Probiotics are the beneficial bacteria and yeast that make up your microbiome. Think of them as the happy, energetic workers of your gut.
Probiotics line both the small intestine and the colon (large intestine), but they are concentrated in the colon. After partially digested food moves from the stomach into the small intestine, nutrients are removed and absorbed into the blood stream. By the time the food has moved into the colon, all that remains is water and the indigestible fiber from your food. While the colon lining absorbs the water, probiotics get to work on the fiber, munching away ecstatically. During this process, they secrete short-chain fatty acids such as butyrate, which builds the mucus lining of the gut. They also manufacture vitamins and interact with your hormones, immune system, and cells. The particular balance of gut flora you have also determines how aggressively calories are extracted from the food you eat (an imbalance actually causes your body to absorb more calories, thus contributing to overweight and obesity!).
It’s important to eat foods that contain probiotics—especially in a society where antibiotics are a commonly prescribed solution to illness and caffeinated beverages are used for energy. The more diverse your gut flora are, the healthier your gut will be.
Foods that contain probiotics will help restore and rebuild a healthy microbiome. They include:
- Plants: high quality vegetables and fruits can help build a diverse gut flora. Whenever possible, choose certified organic or grow your own using composted soil or another growing medium that provides a wide range of nutrients and minerals to the plants.
- Fermented foods: fermentation allows probiotics to pre-digest a substrate (the substance that is being fermented) while multiplying and flourishing. Eating fermented foods is like giving yourself a whopping dose of ready-to-go beneficial microbes that will begin their work in your gut right away. Sauerkraut, fermented (not merely brined) cucumber pickles, kimchi, tempeh, and aged hard cheeses are examples of fermented foods that contain plenty of probiotics.
- Cultured foods: cultured foods like kefir and yogurt introduce trillions of beneficial bacteria into the gut. While yogurt cultures enter the gut, do their good work, and then die off and are excreted within about 24 hours, kefir cultures stick to the gut lining and continue to flourish. Both milk kefir and water kefir are easy to make at home and require no heat for culturing. Yogurt, which does require a little heat for culturing, is also simple to make at home.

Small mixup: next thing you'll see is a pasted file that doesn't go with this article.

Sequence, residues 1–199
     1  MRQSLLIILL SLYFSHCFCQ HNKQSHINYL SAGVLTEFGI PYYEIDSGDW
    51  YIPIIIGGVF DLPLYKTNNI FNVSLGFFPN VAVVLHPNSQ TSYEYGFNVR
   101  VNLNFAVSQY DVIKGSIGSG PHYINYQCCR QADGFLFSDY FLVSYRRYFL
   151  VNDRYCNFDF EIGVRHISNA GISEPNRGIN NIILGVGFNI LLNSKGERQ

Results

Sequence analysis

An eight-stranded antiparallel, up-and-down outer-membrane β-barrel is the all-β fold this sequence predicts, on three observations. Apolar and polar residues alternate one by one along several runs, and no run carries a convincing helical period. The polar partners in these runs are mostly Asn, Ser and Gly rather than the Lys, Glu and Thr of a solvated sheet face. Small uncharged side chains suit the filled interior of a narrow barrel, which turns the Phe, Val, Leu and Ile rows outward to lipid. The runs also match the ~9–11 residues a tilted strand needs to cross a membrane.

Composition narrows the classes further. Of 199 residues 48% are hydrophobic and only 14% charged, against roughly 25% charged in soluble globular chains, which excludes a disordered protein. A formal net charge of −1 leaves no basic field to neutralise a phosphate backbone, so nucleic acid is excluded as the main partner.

- High quality probiotic supplements: supplements that contain dried, powdered probiotics are a good addition to a healthful diet.
If probiotics are the happy critters that populate your gut microbiome, prebiotics are the food upon which these critters thrive and flourish. While you’re building a diverse and robust microbiome, it’s important to continually fuel it with prebiotic goodies.
Prebiotics are, essentially, fiber. Fiber cannot be broken down and absorbed by digestive enzymes in the stomach and small intestine, but it is essential for moving food through the digestive system, cleaning out waste, and feeding gut flora. When chyme (partially digested food sludge in the small intestine) finally makes it into the colon, all that’s left of the sludge is water and fiber. This is when the microbiota feast.
Prebiotic foods include a diverse range of raw and cooked vegetables and fruits. These foods provide plenty of fiber for probiotic feasting. The higher the fiber content, the happier your gut flora will be.
While you should make it a goal to eat as many different types of vegetables and fruits as you can (the more diverse your consumption, the more diverse your microbiome will be), here are some powerhouses of the prebiotic world:
- Raw and cooked onions
- Jerusalem artichokes (also called “sunchokes”)
- Raw garlic
- Raw leeks
- Raw wheat bran
- Dandelion and other dark leafy greens
Going from a typical low-fiber Western diet to a diet plan that packs a huge fiber punch can be hard on your recovering digestive system. Add prebiotic foods gradually until you can consume five or more grams of fiber per day without excess gas, bloating, or stomach pain. In terms of servings, a good goal is to get seven cups of plant food each day—five from vegetables, and two from fruit—according to Jeanette Hyde, nutritional therapist BSc, and author of The Gut Makeover.
By working to increase your probiotic count and feed them with prebiotics, you’re working to make your gut happy, healthy, and able to function effectively in your body. A happy microbiome is one of the basic keys to a healthy mind and body.